Rundown: DTI-certified fireworks ahead of New Year celebrations

December 29, 2022 - 4:39 PM
SAFETY CHECK. Officers of the Manila Police District inspect stalls selling firecrackers and confiscate illegal items along Tabora Street in Divisoria, Manila on Tuesday (Dec. 27, 2022). The Department of Trade and Industry certified and allowed only 14 brands of firecrackers and pyrotechnics as of Dec. 19. (PNA photo by Yancy Lim)

The Department of Trade and Industry released on Wednesday a list of certified fireworks and firecrackers for consumers’ reference ahead of the New Year celebrations.

These fireworks products are locally made and manufactured by companies that bear the Philippine Standard (PS) for guaranteed safety and quality.

Here is the index of DTI-certified fireworks and their corresponding manufacturers and PS license numbers, as of December 19.

The names of the brands in the list are as follows:

  • Dragon Fireworks
  • Diamond
  • LF Fireworks
  • Pegasus
  • Phoenix
  • Double L
  • Nation
  • LLF
  • Andy’s Fireworks
  • Pyro Kreations
  • Yangco Fireworks
  • Star Light
  • Santiago Fireworks
  • 4sure Fireworks

Licensed companies of fireworks conform to the provisions of Republic Act 7183 or the Law on Pyrotechnic Devices.

Section 2 of this law enumerates the types of firecrackers and pyrotechnical devices that are allowed to be “manufactured, sold, distributed and used” in the country.

Allowed firecrackers include the Watusi, Judah’s belt, the Skyrocket and the El Diablo.

Allowed pyrotechnic devices include fountains, whistle devices, sparklers and roman candles.

Prohibited firecrackers and pyrotechnic devices, meanwhile, are those with “explosive content that could endanger life and limb.”

These include the atomic big triangulo and the super lolo.

Under section 11, any person who violates the provisions of this act shall receive the following punishment:

  • A fine of not less than P20,000 nor more than P30,000.00
  • Imprisonment of not less than six months nor more than one year
  • Both such fines and imprisonment

DTI’s Bureau of Philippine Standards (DTI-BPS), under the Consumer Protection Group (CPG) reminded the public that the purchase and use of uncertified fireworks may cost lives and properties.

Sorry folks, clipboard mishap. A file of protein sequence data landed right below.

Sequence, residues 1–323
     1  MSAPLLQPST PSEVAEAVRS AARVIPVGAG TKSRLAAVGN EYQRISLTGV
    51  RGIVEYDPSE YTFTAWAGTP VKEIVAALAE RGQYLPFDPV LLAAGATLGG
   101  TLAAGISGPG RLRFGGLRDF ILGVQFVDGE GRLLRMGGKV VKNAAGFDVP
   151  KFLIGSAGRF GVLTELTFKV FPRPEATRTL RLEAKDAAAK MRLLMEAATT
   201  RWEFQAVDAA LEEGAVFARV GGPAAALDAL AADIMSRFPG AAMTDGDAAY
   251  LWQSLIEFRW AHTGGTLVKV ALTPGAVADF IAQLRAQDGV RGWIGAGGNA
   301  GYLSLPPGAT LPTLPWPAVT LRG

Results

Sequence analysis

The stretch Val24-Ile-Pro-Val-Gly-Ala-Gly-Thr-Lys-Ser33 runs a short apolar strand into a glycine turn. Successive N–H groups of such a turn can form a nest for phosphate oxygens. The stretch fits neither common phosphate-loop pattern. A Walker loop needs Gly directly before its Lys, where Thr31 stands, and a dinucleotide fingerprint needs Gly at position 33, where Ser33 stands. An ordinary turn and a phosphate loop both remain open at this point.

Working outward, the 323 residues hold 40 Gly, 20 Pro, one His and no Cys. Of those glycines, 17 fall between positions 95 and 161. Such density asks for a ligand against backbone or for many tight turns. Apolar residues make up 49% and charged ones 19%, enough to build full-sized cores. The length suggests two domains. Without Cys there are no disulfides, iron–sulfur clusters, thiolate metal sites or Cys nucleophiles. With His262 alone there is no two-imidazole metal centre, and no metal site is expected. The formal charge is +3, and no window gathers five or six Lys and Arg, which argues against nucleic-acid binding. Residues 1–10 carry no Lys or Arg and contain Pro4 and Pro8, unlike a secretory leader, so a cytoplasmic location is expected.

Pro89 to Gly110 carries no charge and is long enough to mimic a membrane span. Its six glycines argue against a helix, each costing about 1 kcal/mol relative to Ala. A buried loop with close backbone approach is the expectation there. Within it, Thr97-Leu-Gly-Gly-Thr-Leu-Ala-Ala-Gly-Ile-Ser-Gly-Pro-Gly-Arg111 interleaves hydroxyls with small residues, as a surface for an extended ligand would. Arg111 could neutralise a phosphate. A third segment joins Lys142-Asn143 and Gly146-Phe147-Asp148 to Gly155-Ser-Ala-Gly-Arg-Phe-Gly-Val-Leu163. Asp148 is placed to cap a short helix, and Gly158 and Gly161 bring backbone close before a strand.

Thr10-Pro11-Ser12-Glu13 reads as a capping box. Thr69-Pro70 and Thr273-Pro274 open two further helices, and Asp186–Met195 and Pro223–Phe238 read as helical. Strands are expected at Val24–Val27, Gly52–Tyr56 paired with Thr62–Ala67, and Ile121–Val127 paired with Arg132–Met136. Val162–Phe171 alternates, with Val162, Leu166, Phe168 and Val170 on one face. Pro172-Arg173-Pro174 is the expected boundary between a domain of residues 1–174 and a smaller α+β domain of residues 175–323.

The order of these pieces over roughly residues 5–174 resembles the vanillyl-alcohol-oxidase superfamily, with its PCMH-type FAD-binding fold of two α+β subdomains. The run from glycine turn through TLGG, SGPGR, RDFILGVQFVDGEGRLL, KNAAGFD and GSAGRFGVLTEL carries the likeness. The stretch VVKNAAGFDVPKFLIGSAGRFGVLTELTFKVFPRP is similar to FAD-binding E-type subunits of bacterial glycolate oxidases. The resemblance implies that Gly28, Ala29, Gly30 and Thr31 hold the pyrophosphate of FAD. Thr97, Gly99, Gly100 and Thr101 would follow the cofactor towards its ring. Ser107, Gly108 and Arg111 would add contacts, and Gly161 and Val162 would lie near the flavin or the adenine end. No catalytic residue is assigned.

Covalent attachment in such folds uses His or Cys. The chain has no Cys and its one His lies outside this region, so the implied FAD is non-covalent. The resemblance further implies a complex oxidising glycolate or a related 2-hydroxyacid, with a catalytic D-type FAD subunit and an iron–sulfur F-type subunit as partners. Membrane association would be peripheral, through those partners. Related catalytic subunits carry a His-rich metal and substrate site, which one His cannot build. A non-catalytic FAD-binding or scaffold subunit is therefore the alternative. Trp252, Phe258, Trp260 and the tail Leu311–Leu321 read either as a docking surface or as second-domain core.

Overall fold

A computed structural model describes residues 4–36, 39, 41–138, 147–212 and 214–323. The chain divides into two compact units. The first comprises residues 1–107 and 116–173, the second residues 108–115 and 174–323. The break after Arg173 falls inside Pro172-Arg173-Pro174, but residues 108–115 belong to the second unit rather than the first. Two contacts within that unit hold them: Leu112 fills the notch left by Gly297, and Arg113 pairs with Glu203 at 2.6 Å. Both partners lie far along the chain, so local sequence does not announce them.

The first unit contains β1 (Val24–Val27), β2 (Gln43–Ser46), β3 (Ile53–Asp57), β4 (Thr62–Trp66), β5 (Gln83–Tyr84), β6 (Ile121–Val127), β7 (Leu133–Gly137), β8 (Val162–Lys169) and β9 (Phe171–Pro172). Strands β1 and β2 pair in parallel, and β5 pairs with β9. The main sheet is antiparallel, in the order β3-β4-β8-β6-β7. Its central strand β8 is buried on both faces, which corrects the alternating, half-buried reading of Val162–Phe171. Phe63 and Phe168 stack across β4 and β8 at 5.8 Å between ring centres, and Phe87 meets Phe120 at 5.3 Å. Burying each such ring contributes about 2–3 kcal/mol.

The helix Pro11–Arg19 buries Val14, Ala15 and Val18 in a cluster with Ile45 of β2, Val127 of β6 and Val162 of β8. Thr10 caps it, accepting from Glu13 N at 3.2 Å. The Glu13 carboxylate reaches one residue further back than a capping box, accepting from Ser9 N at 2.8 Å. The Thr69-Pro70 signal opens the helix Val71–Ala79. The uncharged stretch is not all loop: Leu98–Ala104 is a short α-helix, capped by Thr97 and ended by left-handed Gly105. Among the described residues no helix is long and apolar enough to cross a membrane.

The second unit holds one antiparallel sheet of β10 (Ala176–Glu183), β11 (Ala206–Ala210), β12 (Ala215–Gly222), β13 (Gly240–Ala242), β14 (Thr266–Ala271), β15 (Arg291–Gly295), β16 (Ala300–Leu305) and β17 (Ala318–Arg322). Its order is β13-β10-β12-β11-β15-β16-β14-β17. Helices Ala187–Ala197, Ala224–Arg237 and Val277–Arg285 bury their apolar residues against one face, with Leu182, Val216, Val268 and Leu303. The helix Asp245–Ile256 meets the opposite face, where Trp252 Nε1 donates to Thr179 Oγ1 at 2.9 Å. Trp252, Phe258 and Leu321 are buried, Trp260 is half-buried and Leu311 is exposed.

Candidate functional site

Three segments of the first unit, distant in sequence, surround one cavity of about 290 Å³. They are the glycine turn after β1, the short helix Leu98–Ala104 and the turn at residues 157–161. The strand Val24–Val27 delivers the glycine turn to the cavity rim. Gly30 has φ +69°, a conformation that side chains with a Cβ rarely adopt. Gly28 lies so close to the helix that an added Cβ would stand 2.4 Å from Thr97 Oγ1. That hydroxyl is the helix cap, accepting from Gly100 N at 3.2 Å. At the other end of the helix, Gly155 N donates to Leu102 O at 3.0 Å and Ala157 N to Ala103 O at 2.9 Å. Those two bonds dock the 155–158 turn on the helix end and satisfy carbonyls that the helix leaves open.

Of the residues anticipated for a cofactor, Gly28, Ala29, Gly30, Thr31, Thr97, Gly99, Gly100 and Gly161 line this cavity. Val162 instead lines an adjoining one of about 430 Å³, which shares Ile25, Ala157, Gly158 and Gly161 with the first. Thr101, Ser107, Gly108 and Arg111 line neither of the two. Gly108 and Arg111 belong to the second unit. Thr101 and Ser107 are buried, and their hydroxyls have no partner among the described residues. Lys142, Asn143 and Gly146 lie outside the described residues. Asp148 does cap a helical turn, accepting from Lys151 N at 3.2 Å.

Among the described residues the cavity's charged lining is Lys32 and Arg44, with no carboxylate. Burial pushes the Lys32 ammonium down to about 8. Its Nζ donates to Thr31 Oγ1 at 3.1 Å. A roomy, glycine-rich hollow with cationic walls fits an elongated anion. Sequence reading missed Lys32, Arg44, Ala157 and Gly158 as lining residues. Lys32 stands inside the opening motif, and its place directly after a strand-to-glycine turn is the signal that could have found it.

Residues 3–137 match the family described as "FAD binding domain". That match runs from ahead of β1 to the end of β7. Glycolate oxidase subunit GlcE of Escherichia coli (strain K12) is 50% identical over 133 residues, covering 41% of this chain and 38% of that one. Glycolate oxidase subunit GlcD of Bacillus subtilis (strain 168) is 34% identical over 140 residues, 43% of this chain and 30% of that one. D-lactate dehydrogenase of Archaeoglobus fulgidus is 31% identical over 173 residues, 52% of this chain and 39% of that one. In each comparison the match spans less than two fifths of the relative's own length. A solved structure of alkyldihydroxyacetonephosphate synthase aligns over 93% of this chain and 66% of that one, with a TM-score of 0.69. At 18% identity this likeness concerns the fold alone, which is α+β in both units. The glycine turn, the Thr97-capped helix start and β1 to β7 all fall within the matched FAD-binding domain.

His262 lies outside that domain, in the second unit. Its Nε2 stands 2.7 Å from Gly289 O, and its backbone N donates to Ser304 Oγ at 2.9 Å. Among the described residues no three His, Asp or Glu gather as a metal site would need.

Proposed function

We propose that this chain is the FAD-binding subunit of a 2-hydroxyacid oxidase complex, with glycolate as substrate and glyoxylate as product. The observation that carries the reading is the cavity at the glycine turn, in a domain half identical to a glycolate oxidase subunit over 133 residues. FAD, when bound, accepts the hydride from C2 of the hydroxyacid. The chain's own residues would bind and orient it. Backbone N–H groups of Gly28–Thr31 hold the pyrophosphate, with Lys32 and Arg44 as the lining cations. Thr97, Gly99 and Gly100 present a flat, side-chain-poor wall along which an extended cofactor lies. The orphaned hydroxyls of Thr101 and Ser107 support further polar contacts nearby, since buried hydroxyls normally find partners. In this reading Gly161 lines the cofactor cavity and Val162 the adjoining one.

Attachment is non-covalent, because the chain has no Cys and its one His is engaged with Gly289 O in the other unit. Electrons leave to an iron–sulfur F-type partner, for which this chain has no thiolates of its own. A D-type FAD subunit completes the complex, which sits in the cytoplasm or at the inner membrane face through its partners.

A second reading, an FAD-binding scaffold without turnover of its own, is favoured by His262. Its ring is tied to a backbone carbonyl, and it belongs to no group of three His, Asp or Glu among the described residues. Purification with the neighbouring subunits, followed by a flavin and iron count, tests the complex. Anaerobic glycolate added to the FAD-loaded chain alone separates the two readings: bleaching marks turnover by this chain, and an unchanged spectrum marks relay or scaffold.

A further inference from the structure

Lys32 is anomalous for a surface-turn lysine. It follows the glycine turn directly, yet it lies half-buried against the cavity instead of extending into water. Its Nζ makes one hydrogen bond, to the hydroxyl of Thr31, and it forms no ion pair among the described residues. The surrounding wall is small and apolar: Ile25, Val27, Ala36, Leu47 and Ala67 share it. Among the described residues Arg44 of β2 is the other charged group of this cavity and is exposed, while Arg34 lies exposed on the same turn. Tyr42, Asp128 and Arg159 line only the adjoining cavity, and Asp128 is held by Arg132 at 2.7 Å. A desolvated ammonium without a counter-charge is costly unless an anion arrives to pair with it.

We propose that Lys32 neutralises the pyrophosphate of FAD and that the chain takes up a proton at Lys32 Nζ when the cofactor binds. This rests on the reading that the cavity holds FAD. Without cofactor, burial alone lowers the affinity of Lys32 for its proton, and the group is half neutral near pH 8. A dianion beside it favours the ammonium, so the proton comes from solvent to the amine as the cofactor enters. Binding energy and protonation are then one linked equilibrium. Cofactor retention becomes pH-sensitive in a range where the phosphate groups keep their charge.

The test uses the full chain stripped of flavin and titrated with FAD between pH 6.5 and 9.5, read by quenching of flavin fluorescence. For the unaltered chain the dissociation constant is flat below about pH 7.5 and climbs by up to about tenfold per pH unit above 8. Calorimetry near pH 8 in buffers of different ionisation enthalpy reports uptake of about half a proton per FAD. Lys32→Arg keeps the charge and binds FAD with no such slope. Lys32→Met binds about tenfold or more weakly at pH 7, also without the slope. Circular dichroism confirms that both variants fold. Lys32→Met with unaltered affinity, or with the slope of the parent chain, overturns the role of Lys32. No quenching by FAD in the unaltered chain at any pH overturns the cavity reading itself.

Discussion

“The purchase and use of uncertified fireworks and firecrackers may result to damage to properties and cause fatalities,” said DTI-CPG Undersecretary Ruth B. Castelo.

“Hence, the DTI is here to remind all consumers to only buy and support certified fireworks produced by licensed and authorized manufacturers with Philippine Standard (PS) License,” Castelo added.

Reminders on purchasing

In the same statement, DTI said that customers should look for the following information in the packaging when purchasing fireworks:

  1. Name of Firework
  2. Classification and Intended Use
  3. Brand or Trade Name
  4. Name and address of the manufacturer
  5. The words “Made in the Philippines”
  6. Warnings and Precautionary Signs
  7. Appropriate Instructions for Use
  8. Effects
  9. Philippine Standard (PS) Quality Mark with License Number

EcoWaste Coalition, meanwhile, urged localities, including the barangays, to be proactive in promoting a firework-free and injury-free celebration to herald the New Year.

The watchdog has been seeking barangay-level action in the non-use of fireworks through its “Iwas Paputoxic” campaign since 2006.

“As front liners in the promotion of public welfare, the proactive action by our barangay officials will be crucial in influencing families and neighborhoods to switch to a pro-health and pro-environment way of ushering in the New Year,” said Aileen Lucero, National Coordinator, EcoWaste Coalition.

As of December 27, the Department of Health has logged a total of 25 fireworks-related injuries.

DOH noted that this is 14% higher compared to the same period in 2021.